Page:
I think a lot of book printers are already taking steps in the right direction in order to remain relevant and effective as we continue moving forward. Like many others, we’ve moved away from massive print runs and scaled back to more of an on-demand model. Sure, you’re going to have books you know are going to fly off the shelf, and a huge litho run will serve you well and save you money. But the best model in any manufacturing sector is always going to be to produce exactly the amount you need at exactly the time you need it. Pretty much for all printers, managing expectation, production, and delivery efficiently while reducing touch points and surplus storage is almost mandatory.
And then consider the ever-growing self-publishing market. Sure, you can go onto a site like iTunes and purchase the latest David Sedaris book for just about what the print version costs. But. Consider some humorous woman you’ve never heard of. She’s just as funny as David Sedaris but has the drive and self-confidence of Walt Whitman (I’m trying to be the first person to use David Sedaris and Walt Whitman in the same sentence). Whitman paid for the first printing of Leaves of Grass out of his own pocket. I’m not sure what he paid to print 800 books in the mid 19th century, but our young humorist (YH) could probably pay even less to have her material converted and then submit it to iTunes. Heck, if she understands the software, she can do it with zero overhead, or else sites like Lulu.com can do all the technical conversions and set her up with an ISBN. Now, to Sedaris’ $12.99, YH sells her book for as little as $3.99 on iTunes. You have two very similar books— only one costs 70% less. And to top it off, consider that Sedaris might be receiving something like a 20% royalty on every book sold, while YH receives the standard 70% royalty through Apple. At the end of the day, she’s making 20 cents more on every book sold ($2.80 vs. $2.60).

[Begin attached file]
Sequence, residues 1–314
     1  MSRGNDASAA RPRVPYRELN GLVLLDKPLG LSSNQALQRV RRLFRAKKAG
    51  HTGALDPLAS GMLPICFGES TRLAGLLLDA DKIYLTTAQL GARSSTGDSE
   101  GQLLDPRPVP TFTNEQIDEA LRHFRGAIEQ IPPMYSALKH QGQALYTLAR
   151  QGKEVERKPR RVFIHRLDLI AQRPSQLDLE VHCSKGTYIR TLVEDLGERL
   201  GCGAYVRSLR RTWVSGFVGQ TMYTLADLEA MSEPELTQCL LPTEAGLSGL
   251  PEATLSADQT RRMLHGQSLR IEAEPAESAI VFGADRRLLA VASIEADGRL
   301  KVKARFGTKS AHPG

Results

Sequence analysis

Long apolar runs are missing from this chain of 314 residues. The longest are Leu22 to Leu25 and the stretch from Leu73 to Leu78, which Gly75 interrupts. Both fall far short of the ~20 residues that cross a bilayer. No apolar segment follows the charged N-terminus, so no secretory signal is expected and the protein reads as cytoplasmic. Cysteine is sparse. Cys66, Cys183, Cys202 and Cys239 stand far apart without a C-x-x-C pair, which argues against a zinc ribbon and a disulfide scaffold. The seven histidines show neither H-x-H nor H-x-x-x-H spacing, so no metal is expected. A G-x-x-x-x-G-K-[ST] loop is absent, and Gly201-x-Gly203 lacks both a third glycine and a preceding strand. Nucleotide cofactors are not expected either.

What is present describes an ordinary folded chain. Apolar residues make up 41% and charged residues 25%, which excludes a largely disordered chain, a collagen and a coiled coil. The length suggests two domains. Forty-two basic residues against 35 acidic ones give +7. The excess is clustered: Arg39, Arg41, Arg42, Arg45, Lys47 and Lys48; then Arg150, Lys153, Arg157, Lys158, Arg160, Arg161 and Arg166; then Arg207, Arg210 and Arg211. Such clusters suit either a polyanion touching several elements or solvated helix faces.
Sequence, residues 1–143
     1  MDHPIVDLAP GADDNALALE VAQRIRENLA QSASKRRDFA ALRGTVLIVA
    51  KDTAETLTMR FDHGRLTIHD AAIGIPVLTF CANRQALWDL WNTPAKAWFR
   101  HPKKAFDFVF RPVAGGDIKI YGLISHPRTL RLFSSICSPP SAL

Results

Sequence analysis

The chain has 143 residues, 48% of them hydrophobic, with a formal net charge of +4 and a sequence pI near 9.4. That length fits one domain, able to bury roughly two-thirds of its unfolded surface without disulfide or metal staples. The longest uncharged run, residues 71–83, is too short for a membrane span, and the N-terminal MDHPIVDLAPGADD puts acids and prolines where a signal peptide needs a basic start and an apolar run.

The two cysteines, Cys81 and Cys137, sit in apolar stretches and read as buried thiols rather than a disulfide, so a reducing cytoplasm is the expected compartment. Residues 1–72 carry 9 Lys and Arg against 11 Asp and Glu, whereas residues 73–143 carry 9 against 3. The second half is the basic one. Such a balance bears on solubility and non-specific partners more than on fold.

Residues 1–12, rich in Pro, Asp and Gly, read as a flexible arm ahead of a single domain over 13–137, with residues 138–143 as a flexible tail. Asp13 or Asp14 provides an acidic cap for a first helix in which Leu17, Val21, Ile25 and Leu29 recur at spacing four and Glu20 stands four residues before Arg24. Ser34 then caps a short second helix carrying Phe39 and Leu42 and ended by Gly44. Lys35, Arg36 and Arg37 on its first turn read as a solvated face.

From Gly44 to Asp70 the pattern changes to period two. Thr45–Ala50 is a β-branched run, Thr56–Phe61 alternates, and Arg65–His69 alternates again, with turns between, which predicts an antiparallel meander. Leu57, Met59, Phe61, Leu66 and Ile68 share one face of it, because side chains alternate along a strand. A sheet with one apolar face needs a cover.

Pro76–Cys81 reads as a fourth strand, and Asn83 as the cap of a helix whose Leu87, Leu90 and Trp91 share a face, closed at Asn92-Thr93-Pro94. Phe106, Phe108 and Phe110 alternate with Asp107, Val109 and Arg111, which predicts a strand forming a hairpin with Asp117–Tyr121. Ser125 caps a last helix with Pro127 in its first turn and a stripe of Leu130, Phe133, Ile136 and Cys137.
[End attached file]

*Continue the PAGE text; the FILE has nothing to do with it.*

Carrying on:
Back in Camp Paper, more and more printers are incorporating digital presses (often with in-line binding capabilities), making it more cost effective than ever before for people to self publish. Before, you had to be able to provide the necessary files to make plates and then commit to a litho run where something in the neighborhood of 1,000 copies is the minimum required to justify the time and effort on the printer’s part. Now all you need is a print-ready PDF or two (one for the interior and one for the cover) and most printers will be happy to do a short digital run of anywhere from 10 to 200 copies, perfect bound and everything. While it’s true that the self publisher pays significantly more per book compared to a litho run, the price per run will still be much, much less, and you won’t be left with 700 copies of your book sitting in boxes all over your apartment.
Long story short, in this economy, printers are always happy to have a job in their queue. But in my admittedly limited freelance experience, I’ve found authors who haven’t really considered this as an option. They were much more interested in using a vanity press (we have a large one that operates out of Pittsburgh), and they were stuck in that large-run mentality. I won’t claim that those two or three authors are representative of the self-publishing community as a whole, but if they are, then I worry they’re not doing their research, while the print community isn’t doing a good job of reaching out to them.